Having read this in light of jajuan's comment, it isn't a disposal fee, and if you register a Ventra card and then put these passes on it, you avoid the charge.

However, given that the main means of selling 1 day passes is at O'Hare (and it is questionable whether that is worth it to avoid the $5.00 boarding fare), I would bet that most of the 1 day passes sold are the "disposable tickets." 7 day passes apparently will also be available as disposable tickets, but not 30 day ones, which would have to be loaded onto a Ventra Card or associated with your bank card.

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Go back and read the notice itself.

They aren't imposing a "disposal fee." It said "To offset production costs, a fee of $0.50 will be included in the

purchase price of the disposable Limited Use Ticket for a single ride and for disposable tickets sold in bulk for single ride, 1-Day, 3-Day, 5-Day and 7-Day Passes."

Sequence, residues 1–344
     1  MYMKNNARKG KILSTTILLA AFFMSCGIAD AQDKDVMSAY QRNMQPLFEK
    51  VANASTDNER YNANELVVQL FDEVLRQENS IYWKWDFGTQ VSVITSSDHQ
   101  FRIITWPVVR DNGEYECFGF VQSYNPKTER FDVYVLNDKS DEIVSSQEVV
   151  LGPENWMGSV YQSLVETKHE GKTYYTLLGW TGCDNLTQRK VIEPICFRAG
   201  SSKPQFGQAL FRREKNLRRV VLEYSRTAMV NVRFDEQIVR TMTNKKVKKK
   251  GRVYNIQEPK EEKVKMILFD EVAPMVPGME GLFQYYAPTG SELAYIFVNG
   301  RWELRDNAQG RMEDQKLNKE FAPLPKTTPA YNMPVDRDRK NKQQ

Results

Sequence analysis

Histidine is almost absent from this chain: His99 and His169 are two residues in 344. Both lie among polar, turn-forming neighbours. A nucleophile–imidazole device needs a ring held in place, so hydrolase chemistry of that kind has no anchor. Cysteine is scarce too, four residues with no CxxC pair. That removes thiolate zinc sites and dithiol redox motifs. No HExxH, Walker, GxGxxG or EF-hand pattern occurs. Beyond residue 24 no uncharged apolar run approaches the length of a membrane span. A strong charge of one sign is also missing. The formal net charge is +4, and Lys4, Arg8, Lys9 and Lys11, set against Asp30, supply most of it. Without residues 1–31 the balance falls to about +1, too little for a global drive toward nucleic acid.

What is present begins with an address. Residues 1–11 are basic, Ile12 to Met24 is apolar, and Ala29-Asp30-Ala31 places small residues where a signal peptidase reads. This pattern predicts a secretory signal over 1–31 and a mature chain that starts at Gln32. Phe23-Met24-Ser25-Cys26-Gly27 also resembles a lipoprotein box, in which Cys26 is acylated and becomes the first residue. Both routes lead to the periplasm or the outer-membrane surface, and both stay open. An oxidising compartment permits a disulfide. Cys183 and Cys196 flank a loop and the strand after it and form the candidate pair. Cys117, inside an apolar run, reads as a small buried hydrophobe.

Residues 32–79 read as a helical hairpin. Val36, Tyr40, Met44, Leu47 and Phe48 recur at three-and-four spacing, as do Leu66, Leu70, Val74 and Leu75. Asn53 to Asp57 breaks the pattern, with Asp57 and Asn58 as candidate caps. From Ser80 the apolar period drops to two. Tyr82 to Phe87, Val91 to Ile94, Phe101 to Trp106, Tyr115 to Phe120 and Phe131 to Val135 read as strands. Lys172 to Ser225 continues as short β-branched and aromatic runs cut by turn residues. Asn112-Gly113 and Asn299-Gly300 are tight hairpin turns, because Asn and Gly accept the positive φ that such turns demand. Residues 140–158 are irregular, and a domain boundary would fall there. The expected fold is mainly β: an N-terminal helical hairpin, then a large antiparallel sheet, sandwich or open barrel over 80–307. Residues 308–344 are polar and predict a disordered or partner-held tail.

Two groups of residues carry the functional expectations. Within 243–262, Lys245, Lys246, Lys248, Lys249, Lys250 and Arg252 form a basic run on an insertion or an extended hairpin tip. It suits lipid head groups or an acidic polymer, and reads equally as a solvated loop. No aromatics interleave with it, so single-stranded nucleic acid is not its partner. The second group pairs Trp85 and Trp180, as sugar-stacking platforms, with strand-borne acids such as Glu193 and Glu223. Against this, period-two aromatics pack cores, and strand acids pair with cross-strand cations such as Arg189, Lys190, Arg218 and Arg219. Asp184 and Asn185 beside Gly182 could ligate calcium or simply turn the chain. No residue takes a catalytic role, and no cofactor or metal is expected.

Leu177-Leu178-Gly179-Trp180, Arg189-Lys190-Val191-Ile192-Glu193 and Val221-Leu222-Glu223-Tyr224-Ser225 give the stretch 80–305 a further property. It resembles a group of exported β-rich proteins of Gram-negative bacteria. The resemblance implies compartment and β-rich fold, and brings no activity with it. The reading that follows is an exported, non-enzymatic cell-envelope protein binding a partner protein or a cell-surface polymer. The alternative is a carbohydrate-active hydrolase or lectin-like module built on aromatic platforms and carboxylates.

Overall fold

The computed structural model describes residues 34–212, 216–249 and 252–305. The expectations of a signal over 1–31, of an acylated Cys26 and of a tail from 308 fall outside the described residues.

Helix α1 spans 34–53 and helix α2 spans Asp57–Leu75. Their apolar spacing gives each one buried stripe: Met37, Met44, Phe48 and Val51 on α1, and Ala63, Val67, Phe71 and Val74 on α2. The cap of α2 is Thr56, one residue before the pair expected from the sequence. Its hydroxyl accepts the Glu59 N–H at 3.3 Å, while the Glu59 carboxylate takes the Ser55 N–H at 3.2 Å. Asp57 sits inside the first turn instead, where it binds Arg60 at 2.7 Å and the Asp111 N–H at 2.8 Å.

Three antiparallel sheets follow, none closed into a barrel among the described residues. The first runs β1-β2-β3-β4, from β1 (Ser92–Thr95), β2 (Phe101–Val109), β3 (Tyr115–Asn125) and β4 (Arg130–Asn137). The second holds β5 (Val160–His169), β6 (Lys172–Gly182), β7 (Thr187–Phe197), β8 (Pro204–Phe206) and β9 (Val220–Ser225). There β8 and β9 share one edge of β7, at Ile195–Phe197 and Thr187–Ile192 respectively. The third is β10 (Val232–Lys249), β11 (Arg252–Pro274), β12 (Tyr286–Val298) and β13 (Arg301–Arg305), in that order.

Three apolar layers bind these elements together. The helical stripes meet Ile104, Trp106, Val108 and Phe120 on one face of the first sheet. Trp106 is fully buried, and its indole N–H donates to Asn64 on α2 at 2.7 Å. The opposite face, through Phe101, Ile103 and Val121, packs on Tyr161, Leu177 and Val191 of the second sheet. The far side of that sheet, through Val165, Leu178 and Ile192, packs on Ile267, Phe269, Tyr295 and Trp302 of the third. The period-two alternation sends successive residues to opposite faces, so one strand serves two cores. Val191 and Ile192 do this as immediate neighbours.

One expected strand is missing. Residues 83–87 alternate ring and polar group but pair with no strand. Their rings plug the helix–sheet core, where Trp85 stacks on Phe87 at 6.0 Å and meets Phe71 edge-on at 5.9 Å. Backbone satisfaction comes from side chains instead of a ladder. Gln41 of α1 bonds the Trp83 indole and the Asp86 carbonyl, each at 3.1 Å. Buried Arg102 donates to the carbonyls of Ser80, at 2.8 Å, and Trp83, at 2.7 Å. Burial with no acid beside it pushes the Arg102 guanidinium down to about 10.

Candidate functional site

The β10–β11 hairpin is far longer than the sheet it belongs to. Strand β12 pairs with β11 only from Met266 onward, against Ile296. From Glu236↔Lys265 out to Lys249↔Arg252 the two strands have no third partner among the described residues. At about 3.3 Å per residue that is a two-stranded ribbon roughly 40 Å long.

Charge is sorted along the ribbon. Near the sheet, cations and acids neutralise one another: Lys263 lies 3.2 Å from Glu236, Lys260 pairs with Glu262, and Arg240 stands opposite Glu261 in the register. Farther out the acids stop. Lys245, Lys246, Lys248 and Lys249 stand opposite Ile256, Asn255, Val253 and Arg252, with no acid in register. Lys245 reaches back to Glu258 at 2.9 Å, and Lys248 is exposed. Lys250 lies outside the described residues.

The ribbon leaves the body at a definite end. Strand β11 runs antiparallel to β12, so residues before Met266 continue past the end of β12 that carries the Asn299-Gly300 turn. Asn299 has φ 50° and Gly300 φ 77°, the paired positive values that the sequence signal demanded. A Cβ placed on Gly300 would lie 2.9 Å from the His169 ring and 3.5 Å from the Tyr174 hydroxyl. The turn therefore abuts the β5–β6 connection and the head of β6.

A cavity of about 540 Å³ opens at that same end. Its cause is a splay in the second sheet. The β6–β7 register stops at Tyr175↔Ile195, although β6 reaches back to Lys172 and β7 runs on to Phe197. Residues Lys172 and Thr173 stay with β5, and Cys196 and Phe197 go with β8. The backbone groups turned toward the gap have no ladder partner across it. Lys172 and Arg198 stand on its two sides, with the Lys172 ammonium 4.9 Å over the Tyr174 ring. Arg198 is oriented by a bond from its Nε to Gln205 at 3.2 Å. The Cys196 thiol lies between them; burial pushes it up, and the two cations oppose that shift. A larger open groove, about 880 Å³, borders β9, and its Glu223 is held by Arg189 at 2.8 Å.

It is a production fee, not a disposal fee.

Also, the only inference that can be raised is that CTA is abolishing the magnetic stripe cards, and replacing them with RFID cards that have the same functions as the single ride and pass cards. The reference to "a one-time cost for purchase of the Reloadable Card of $5.00 plus the cost of any initial stored value or pass product" pretty much indicates that there won't be any mag stripe reloadble cards, and basically no distrinction with regard to the successors to either the mag cards with a 2 year expiration date or the Chicago Card. Update: I did go back to confirm Kevin's statement that a purchaser of a Ventra card gets the $5 back if it is registered. My only point is that the Ventra Card would be the only way to store value on Cubic issued media in the future, not a mag stripe card.

Update: If you are trying to draw a distinction between the means of payment to be issued by Cubic, the Ventra site says there will only be:

I only brought up recycling, because it seemed environmentally incongruous to be charging for all these disposable chips and then throwing them into the landfill.

But it appears that the only way one avoids the production fees is to use a bank card or register a Ventra card, and even then you don't avoid the dormancy fee if the transit wallet is loaded into your bank card.